Department of Homeland Security Daily Open Source Infrastructure Report

Monday, April 19, 2010

Complete DHS Daily Report for April 19, 2010

Daily Report

Top Stories

 According to the Associated Press, a Texas man has been jailed after allegedly jumping the fence surrounding a nuclear-missile launch site in northwest North Dakota maintained by Minot Air Force Base. (See item 40)

40. April 16, Associated Press – (North Dakota) Nuclear missile protestor arrested in ND. A Texas man has been jailed after allegedly jumping the fence surrounding a nuclear-missile launch site in northwest North Dakota. Authorities identified the man as being from of San Antonio. The suspect told The Minot Daily News in a telephone call from the missile site before he was arrested that he was peacefully protesting nuclear weapons. An FBI Special Agent said the investigation was ongoing but that terrorism did not appear to be involved. The suspect was jailed on felony, criminal trespass charges. Authorities did not immediately decide on possible federal charges. The Minuteman III missiles that dot the northwest North Dakota countryside are maintained by Minot Air Force Base. Source:

 KXO 1230 El Centro reports that the Imperial Irrigation District and the Bureau of Reclamation are assessing damage to the All-American Canal siphon where it passes over the New River in California. The damage was caused by the April 4 earthquake and subsequent aftershocks. (See item 72)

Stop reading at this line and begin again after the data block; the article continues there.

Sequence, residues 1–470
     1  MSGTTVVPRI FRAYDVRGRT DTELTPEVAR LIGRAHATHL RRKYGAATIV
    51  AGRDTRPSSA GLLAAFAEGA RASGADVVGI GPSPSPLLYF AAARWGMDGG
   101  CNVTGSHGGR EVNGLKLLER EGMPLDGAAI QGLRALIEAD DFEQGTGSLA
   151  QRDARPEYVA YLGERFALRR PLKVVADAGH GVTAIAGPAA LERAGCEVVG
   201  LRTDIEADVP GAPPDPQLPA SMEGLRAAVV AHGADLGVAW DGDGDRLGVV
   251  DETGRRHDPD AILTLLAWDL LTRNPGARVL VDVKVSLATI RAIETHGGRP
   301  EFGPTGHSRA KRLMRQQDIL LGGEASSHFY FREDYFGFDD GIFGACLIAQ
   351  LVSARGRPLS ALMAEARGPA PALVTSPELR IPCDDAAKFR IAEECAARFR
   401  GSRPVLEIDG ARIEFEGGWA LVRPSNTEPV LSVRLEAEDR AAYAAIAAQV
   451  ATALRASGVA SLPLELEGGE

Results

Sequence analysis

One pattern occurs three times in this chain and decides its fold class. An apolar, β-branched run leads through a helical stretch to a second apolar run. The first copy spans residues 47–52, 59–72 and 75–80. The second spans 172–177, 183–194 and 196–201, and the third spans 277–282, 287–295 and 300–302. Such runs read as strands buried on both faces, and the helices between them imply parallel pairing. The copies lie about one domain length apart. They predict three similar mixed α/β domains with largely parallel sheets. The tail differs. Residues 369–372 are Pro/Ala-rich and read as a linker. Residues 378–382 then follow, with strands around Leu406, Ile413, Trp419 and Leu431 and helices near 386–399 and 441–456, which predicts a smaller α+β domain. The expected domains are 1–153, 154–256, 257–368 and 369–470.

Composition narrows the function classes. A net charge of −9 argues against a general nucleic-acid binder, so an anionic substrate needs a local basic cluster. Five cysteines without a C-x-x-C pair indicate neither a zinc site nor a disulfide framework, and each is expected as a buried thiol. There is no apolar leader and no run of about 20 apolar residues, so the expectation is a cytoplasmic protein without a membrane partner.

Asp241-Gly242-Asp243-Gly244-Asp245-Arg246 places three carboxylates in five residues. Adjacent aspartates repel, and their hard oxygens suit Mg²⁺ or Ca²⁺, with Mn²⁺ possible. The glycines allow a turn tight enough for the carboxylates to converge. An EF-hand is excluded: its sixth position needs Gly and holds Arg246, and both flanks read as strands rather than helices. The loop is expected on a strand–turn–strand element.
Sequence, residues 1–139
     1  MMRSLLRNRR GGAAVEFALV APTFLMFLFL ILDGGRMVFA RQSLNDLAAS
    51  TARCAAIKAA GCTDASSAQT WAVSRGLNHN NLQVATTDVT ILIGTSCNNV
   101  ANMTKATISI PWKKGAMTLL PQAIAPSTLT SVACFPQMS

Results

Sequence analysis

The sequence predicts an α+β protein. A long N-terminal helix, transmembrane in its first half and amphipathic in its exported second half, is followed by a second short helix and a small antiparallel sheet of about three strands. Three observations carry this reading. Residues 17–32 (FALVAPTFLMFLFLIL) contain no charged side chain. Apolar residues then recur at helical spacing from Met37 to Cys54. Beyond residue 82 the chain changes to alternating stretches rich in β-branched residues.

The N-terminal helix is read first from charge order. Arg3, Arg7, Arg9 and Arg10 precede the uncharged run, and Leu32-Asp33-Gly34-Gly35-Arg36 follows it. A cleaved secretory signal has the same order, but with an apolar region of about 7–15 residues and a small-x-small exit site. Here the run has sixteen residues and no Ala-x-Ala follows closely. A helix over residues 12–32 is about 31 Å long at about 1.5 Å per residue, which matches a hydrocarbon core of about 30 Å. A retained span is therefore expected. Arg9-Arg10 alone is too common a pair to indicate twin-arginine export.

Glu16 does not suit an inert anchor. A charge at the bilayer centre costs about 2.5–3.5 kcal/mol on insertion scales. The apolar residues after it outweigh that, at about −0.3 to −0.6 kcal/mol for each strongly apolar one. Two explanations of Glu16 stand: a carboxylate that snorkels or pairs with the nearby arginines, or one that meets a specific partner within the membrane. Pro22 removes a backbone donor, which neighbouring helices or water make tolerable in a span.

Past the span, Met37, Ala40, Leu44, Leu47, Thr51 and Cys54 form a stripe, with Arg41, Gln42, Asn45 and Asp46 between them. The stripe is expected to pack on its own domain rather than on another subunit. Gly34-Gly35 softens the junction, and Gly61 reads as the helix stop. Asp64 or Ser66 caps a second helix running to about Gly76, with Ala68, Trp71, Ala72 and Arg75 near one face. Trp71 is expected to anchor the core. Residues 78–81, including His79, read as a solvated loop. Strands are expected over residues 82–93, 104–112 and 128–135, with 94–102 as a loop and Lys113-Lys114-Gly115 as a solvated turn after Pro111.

72. April 15, KXO 1230 El Centro – (California) Damage to All-American Canal detected. The Imperial Irrigation District (IID) and the Bureau of Reclamation are assessing damage to the All-American Canal siphon where it passes over the New River in California. The damage was caused by the Easter Sunday, April 4, earthquake and subsequent aftershocks. Seepage has been detected at three points in the structure, according to the IID chief adminstrative officer and EOC director. He said that an incident command post has been established at the project site and the immediate area has been secured. “ While this is a key facility in the IID water delivery system and it warrants careful monitoring in the days ahead,” he said, “the seepage problem has been isolated and mitigation efforts performed by the bureau and IID staff at the site appear to have stabilized the situation.” It has been determined that the twin overhead siphons carrying water from the All-American Canal across the New River west of Calexico are structurally sound , and there is no risk to the district’s water users or the general public. Source: